Accessibility links

Ukraine: Top Officials Discuss Reforms With IMF

  • Lily Hyde

Kyiv, 9 October 1998 (RFE/RL) -- Since Ukraine's recent agreement on a reform program with the International Monetary Fund (IMF), the country, like much of the region, has been hit by new economic problems. Some Kyiv-based international financial experts say that is complicating Ukraine's efforts to fulfill the program's aims.

A Ukrainian delegation, including Prime Minister Valeriy Pustovoytenko, Finance Minister Ihor Mityukov and National Bank Governor Viktor Yushchenko, has been meeting with IMF officials in Washington this week. They are discussing what must be done to obtain further tranches of $2.2 billion in loans that are attached to the reform program.

An outline of the program is posted on the IMF's web site, listing 83 areas where Kyiv would be implementing reforms. They include steps to ensure progress in stabilization, to create a smaller and more efficient government, to accelerate deregulation and privatization, and to reform the financial sector. Other criteria include steps to restructure key economic sectors, to improve competition, and to increase protections for the most vulnerable members of society.

Alexei Sekarev, an economic advisor with the Ukrainian-European Policy and Legal Advice Center, calls it "a very ambitious program for Ukraine." His research center is funded by the European Union. Sekarev says that it will be "very difficult for Ukraine to fulfill many of the conditions." But he says he believes that there is "a readiness on the part of the IMF" to be realistic about how many of the conditions can be met.

Ukraine's program for economic revival underwent drastic modification even as it was supposed to be getting off the ground.

By the time the government and the IMF board of directors reached a final agreement on the loan on Sept. 4, the Russian financial crisis had hit and many of the financial benchmarks written into original plans had become unrealistic.

In a letter to the IMF, the government indicated it would not be able to replenish the Ukrainian National Bank's depleted reserves as earlier promised. The letter also mentioned a new exchange rate band of 2.5-3.5 hryvna to the dollar, effectively devaluing the national currency.

The government also introduced a whole new set of financial benchmarks, including ones on gross domestic product, consumer price inflation, the state budget deficit, money supply, and foreign currency reserves.

Since then, the economic situation has deteriorated further. At the end of September the National Bank's foreign reserves stood at $1.80 billion, some $250 million short of the target.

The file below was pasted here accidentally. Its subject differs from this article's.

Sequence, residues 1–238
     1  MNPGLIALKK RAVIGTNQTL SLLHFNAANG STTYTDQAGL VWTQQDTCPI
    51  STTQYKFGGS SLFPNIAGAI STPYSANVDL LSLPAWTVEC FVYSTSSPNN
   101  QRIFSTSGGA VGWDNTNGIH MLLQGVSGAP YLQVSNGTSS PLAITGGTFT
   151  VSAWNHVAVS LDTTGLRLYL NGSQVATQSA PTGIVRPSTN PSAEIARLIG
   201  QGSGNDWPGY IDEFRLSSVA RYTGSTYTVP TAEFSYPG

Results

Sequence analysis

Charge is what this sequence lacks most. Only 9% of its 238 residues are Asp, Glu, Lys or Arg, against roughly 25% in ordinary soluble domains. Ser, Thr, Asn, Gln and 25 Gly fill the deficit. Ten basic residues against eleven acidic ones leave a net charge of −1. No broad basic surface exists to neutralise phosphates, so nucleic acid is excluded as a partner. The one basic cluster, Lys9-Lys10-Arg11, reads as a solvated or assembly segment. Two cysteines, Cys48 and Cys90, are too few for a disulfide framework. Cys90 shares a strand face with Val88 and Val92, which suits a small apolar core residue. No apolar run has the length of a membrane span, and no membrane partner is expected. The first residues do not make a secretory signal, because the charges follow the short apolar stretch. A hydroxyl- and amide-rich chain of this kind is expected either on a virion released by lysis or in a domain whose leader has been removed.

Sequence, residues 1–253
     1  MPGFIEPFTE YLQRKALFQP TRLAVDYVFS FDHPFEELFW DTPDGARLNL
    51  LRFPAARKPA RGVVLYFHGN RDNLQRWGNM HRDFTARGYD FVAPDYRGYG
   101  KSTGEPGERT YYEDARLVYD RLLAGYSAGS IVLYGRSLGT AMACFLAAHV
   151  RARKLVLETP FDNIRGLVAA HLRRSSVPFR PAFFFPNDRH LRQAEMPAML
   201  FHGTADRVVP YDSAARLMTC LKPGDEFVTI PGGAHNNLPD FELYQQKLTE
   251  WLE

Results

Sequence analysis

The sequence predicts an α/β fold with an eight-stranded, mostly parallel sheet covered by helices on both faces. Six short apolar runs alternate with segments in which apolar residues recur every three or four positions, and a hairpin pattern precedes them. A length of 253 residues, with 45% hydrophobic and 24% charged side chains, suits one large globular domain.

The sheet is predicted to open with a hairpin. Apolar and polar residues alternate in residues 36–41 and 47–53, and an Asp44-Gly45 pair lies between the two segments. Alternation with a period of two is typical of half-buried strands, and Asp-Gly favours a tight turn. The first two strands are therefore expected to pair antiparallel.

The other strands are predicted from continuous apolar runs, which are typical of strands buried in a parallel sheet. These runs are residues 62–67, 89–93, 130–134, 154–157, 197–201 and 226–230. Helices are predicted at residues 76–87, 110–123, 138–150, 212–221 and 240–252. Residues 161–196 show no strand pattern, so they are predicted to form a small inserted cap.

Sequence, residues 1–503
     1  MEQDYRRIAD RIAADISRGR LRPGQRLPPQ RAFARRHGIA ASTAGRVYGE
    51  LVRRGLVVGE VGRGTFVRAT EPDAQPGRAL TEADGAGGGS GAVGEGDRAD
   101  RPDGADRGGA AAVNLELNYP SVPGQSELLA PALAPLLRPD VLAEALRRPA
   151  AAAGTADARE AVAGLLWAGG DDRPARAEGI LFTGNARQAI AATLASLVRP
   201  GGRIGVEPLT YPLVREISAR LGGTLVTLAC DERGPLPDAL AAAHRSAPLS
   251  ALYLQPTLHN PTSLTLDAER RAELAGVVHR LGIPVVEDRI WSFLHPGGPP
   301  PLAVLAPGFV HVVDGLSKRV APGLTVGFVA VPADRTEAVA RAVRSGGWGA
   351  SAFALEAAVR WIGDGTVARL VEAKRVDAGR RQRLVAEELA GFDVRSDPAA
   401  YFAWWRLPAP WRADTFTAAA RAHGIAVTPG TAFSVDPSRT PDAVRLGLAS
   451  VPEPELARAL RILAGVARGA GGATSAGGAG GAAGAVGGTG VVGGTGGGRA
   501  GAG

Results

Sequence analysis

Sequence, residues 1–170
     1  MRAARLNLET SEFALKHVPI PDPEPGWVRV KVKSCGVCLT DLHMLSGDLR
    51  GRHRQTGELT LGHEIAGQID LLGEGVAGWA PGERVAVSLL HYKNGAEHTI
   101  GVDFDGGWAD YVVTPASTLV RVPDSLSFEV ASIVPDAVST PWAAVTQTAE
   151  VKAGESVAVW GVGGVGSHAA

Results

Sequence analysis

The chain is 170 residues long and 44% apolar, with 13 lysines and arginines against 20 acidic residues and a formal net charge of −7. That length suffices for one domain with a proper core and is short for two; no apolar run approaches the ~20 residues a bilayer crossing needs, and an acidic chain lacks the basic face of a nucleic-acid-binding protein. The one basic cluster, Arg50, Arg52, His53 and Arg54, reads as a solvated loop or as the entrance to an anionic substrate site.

Patricia Bartholomew, an economist at the Kyiv office of Germany's Commerzbank, says she expects more problems ahead. She says: "Ukraine needs to develop a competitive economy, but there has been trouble getting (legislation) through parliament." She expresses the view that the situation in Ukraine will "continue to frustrate the IMF."

Parliament has already postponed discussion of the budget until October 15, and is unlikely to approve it. Since July, Ukraine has issued seemingly inconsistent presidential and Cabinet decrees, some in line with goals agreed with the IMF, some taking a side-ways step, and some directly in opposition.

The clear conflict is between measures toward deregulation and steps that allow for government intervention in the economy, like protecting Ukrainian-produced goods, writing-off tax arrears, and expanding the list of excise exemptions on local goods.

Sekarev of the EU-funded research center speculates that the IMF may be willing to overlook measures that contradict the spirit of IMF policy so long as they don't specifically contradict agreed conditions and so long as most legislation remains consistent with agreed reforms.

IMF officials say that production goals and other targets and deadlines in the government's memorandum to the IMF are flexible.

Patrick Lenain, the IMF's top official in Kyiv, says "we know we have to remain flexible and we have to adjust." He said IMF officials "know a lot is not going to happen, or it will happen faster, or slower" than planned, and new measures may be necessary. Lenain went on to say that if criteria are not complied with, IMF officials will consider waivers.

While quarterly reviews will look at long-term trends, the IMF will also review Ukraine's progress before deciding to release each monthly tranche of the loan. The frequency may be an indicator that the IMF has doubts about Ukraine's ability to keep its promises. Only Russia has disbursements with the same frequency; other IMF country loans are regulated quarterly or even half-yearly.

The IMF money is critical to balancing Ukraine's budget, servicing other high-interest government debts, paying for imports, and maintaining the hryvna as a viable currency. Moreover, other loans from the World Bank are conditioned on the government keeping to the IMF program, and private lenders and investors rely heavily on the IMF as an indicator of Ukraine's economic prospects.

Commerzbank's Bartholomew expresses the view that "the IMF is in a very difficult position." She says "they don't want to seem too strict, they are trying to get as much reform through (as possible) without pushing it too far and causing a backlash against reform. But," she say, "they also don't want to be seen as a pushover."